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Milford eyes property for industrial, commercial expansion

Katie Tabeling
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Milford city officials are in exploring buying 128 acres of land to expand industrial and commercial room for the booming town. | DBT PHOTO COURTESY THE CITY OF MILFORD

MILFORD — Milford city officials are exploring whether to buy more than 100 acres from a farming family in a bid to attract retail and small to medium manufacturers to the growing boom town.

The Milford City Council recently authorized City Manager Mark Whitfield to start negotiations of the 182-acre land on the corner of Route 14 and Canterbury Road, which is owned by the Fry family. A letter of intent was signed on May 11 between the city and Ralph B. Fry and the Fry family, who have been farmers in Kent County for years.

Milford officials are currently in the 120-day due diligence phase, which includes appraising the property to determine a final sale figure. Settlement is expected by Oct. 1.

“Milford sits in a strategically good location with good access to Route 1, Route 113 and Route 13, as well as west access to the Bay Bridge …. [the city is also] the center of Delmarva peninsula, making us a great location for an e-commerce distribution hub,” Whitfield said in a statement. “The proposed purchase will allow us to be competitive with other cities in the area, and satisfy the need to create jobs within the city.”

The Fry family had been looking to sell the 182-acre plot of land that sits right across from Milford’s Public Works Facility for at least five years. The land has been currently zoned a combination of R-3 (Garden Apartment and Townhouse) and C-3 (Highway Commercial), but it has sat vacant except for a wheat field  A representative of Masten Realty, who represented the Fry family, was not immediately available for comment on why the Fry family decided to sell the land to the city.

Milford will be submitting a comprehensive plan amendment request to the Delaware Office of State Planning Coordination for comments before holding public hearings with the Milford Planning Commission and city council later this summer. If the comprehensive plan amendment is approved, the land could be rezoned to accommodate industrial and commercial uses. 

From a growth perspective, Milford  Economic Development and Community Engagement Administrator Sara Pletcher said the land buy makes perfect sense as Milford looks to support its growing population. The city, which is split between Kent and Sussex counties along the Mispillion River, has about 11,000 residents today but is expected to grow to upward of 16,000 by 2050, according to the Delaware Population Consortium.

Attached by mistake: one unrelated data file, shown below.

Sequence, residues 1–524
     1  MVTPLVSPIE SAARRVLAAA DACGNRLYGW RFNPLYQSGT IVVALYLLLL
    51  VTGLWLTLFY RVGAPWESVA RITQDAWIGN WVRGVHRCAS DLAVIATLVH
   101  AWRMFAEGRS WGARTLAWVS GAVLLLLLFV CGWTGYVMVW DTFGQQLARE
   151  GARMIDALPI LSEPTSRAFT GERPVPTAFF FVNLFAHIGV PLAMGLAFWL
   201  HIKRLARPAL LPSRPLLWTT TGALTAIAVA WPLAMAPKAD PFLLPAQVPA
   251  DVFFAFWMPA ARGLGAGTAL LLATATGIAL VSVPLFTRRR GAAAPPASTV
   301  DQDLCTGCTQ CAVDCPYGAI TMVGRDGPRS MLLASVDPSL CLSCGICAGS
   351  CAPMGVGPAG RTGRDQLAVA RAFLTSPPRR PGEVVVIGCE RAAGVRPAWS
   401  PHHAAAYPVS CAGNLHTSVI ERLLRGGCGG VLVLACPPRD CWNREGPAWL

Milford’s primary industrial park has five plots left, capping out prospects to maybe 10 acres total. The Milford City Council held an executive meeting on April 6 to discuss prospects for a land buy to continue buoying its success.

“If you look at this area, there’s a good portion facing Route 14 that would make it ideal for commercial development in the vein of a strip mall with restaurants and retail,” Pletcher told the Delaware Business Times. “As you look at the interior of the land, it could be subdivided into lots for industrial and commercial uses.”

One drawback of developing the Fry family land is infrastructure, as it lacks water, sewer and electricity. There is a possibility there will need to be a water tower on site, Pletcher said. The rough estimate for infrastructure costs is $10 million, and Milford officials plan to sell off the lots and lay the infrastructure with reserved funds, replenishing it with proceeds from the sale.

As it stands, there are no prospects for the property now, Pletcher said. The hope is to start marketing the land for manufacturers looking for 1,000 to 5,000 square feet of space, either with local businesses or new prospects.

“The Kent Economic Partnership has seen an increase in requests for industrial warehousing and manufacturing sites,” Kent Economic Partnership Executive Director Linda Parkowski said in a statement. “With the addition of the Milford industrial area, we will be able to increase our limited supply of large industrial tracks.”

But Pletcher notes that roughly four years ago, Milford was projected to build 10,000 homes within a decade. At this point, the city has reached 40% of that benchmark and to meet the rising residential development, the city will need to draw more employment options and quality-of-life amenities.

“The more homes we have here, the more infrastructure and amenities we need because people are looking for it,” Pletcher said. “Milford would be greatly interested in forming a public-private partnership for the commercial development, because it would make it that much easier to bring those retail amenities in.”

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